> Hi Gael, I tried converting to your approach but I had some issues making
> sure that all symbols accessed by the jit modules have entries in the
> dynamic symbol table.
> To be specific, my current approach is to use MCJIT (using an objectcache)
> to JIT the runtime module and then let MCJIT handle linking any references
> from the jit'd modules; I just experimented with what I think you're doing,
> and compiling my runtime and directly linking it with the rest of the
> compiler, and then tying together references in the jit modules to entities
> in the compiler.
> I got it working for the case of "standard" functions and globals, but had
> some trouble with other types of symbols.  I don't know the right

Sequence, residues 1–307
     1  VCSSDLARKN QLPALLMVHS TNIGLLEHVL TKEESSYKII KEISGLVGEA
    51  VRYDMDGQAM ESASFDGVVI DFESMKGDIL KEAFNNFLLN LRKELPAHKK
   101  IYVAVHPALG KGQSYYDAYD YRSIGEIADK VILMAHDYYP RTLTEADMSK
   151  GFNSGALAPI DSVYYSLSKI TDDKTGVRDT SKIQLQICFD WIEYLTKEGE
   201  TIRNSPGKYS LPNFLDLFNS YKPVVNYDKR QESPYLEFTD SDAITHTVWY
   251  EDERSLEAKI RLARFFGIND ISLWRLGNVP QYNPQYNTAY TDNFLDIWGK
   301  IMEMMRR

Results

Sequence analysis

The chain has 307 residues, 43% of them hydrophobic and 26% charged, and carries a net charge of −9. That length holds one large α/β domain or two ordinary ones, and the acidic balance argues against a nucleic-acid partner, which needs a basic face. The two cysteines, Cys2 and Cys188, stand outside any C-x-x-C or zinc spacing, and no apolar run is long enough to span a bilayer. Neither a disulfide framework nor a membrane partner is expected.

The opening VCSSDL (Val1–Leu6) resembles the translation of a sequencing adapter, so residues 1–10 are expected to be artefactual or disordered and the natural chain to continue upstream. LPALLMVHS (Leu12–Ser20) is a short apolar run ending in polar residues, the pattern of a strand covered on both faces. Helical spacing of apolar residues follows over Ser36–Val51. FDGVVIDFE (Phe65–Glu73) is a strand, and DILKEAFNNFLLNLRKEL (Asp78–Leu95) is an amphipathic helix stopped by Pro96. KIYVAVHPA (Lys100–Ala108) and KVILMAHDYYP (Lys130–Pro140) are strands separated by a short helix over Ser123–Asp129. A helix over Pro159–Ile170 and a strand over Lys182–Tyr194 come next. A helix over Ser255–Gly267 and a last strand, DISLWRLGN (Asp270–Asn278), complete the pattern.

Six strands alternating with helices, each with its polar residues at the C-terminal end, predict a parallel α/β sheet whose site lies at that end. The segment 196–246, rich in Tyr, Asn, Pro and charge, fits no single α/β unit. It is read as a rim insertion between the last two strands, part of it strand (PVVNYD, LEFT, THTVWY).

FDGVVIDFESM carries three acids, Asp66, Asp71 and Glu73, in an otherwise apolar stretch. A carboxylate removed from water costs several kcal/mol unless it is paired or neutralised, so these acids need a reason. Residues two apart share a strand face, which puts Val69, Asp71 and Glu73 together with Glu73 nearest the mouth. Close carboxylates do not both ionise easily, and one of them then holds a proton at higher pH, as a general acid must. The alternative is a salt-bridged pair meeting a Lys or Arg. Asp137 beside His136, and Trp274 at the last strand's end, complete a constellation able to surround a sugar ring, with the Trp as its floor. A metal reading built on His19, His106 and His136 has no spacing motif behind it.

> terminology for these things, but I couldn't get methods defined in headers
> (ex: a no-op virtual destructor) to work properly.  I guess that's not too
> hard to work around by either putting it into a cpp file or maybe with some
> objcopy magic, but then I ran into the issue of string constants.  Again, my
> knowledge of the terminology isn't great, but it looks like those don't get
> symbols in the object file but they get their own sections, and since I have
> multiple source files that I llvm-link together, the constants get renamed
> in the LLVM IR and have no relation to the section names.  Maybe there's a
> workaround by compiling all my runtime sources as a single file so no
> renaming happens, and then some hackery to get the section names exported,
> but I guess I'm feeling a little doubtful about it.
> Have you tried using an ObjectCache and pre-jitting [I still have a hard
> time using that term with a straight face] the runtime module?  My runtime
> isn't that large (about 4kloc), but the numbers I'm getting are that it
> takes about 2ms for the getLazyBitcodeModule call, and about 4ms to load the